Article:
Postictal, ictal and interictal phase
Postictal state refers to the altered state of consciousness that an individual enters after a seizure. Usually, it lasts for fifteen to thirty minutes but it may occur longer in the case of severe seizures. It may cause hypertension, headache, confusion, nausea, drowsiness, and other symptoms. It may also be accompanied by amnesia and other memory problems. During this period, the brain actively tries to recover from the trauma caused by the seizure.
The postictal, ictal and interictal phase
In medical terms, the postictal state refers to an abnormal condition that may occur between the end of epileptic seizures and the return to an individual’s baseline condition. Applying this definition can be difficult, especially in the case of partial seizures, where sensorimotor and cognitive impairments may merge imperceptibly into the postictal state. Most patients are also unaware of having had an epileptic seizure. Sometimes, electroencephalography can help distinguish postictal from ictal periods, but it may also demonstrate focal slowing during and after the seizure.
Changes in electroencephalogram do not necessarily correspond to changes in behavior, especially when it comes to scalp recordings. The postictal state will then end at the interictal phase, but this shift can be ambiguous as well. Interictal spikes as well as spike waves may also be associated with behavioral and cognitive impairments, suggesting that both represent fragments of ictal episodes. However, when the boundaries are clear, it is still best to describe the sequence of electroencephalographic changes and behaviors without labeling stages as being postictal or ictal.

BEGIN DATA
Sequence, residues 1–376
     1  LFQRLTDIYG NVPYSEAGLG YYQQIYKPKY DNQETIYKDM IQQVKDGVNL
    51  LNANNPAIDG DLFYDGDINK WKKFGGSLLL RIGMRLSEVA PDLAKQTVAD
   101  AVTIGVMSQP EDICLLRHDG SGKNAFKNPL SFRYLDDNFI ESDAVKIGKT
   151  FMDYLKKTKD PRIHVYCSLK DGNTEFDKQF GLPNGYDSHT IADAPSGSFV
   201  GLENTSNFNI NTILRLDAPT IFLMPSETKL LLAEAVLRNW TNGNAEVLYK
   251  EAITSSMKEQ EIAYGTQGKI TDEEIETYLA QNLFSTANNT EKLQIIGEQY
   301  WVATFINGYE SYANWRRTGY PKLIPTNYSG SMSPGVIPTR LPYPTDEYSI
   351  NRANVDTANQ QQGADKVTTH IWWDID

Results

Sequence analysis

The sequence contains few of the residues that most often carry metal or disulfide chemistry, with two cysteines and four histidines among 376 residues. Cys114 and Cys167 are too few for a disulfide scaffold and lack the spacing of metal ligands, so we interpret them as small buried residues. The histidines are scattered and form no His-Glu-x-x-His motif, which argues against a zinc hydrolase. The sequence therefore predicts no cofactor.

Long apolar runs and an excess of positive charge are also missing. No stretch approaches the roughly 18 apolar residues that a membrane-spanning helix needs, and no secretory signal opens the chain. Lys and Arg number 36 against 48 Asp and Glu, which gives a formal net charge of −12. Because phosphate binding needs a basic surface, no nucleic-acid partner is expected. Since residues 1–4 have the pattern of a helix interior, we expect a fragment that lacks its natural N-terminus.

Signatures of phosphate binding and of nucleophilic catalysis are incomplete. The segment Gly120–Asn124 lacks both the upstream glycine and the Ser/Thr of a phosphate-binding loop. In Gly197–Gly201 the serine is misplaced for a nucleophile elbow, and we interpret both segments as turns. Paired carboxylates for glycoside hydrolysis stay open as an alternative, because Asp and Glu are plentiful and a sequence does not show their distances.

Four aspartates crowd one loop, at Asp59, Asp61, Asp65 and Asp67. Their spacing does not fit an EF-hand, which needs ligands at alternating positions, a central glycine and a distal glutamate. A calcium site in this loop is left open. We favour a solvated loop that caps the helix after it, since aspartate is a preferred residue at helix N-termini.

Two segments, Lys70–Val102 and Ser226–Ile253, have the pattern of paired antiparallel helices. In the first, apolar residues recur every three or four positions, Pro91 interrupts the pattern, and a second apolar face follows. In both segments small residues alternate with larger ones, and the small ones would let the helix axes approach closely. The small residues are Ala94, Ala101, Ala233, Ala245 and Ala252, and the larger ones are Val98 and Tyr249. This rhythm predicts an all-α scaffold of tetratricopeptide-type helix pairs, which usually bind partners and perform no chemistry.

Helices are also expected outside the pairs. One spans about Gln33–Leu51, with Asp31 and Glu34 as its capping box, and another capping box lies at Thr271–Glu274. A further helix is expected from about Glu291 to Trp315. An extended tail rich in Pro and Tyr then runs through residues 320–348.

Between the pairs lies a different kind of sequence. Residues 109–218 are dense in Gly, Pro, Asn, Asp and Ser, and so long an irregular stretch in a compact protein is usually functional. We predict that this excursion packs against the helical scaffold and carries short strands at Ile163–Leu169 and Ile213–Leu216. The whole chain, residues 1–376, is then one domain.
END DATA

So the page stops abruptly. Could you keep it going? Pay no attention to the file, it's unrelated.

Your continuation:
Symptoms of postictal period
Some scientists define the postictal state as manifestations of seizure-induced alterations in a wide range of neuronal functions. After a seizure, parents commonly experience both physical and mental exhaustion that may last for a day or two. The common complaints of patients after a seizure include the incapacity to think clearly, characterized by poor concentration and memory, decreased interactive and verbal skills, and other cognitive defects. The collection of these symptoms was recognized as the postictal state, even though the word postictal means nothing more than after a seizure.
During the postictal state, patients suffering from epilepsy also complain about migraines. A possible cause of this symptom is the high intracranial pressure due to the postictal cerebral edema. Sometimes, patients may also be unaware that they experience a seizure, with the characteristic migraine remaining as their only clue. Depression is also a common concern after seizures. Other symptoms associated with seizures also include Todd’s paresis, a temporary loss of function in whatever region experienced the seizure.
Patients who experience Todd’s paresis during the postictal state may also experience temporary blindness, deafness, or numbness. Anterograde amnesia may also emerge if the seizure affected the bilateral hippocampi or aphasia if it began in the brains language-dominant hemisphere. Symptoms may last for 15 to 16 hours but physicians may need to resolve the loss of motor function caused by ischemia or Todd’s paresis.
What is postictal psychosis?
Postictal psychosis refers to a rare but severe complication that occurs after seizures. It is characterized by visual or auditory hallucinations, paranoia, delusions, and even aggression. Immediately following the end of the seizure, patients feel the usual lethargy and confusion caused by the postictal state and then gradually recovers to the baseline state that is called the lucid phase. Patients who experience postictal psychosis may also experience the lucid phase two hours a week even before the psychosis sets in.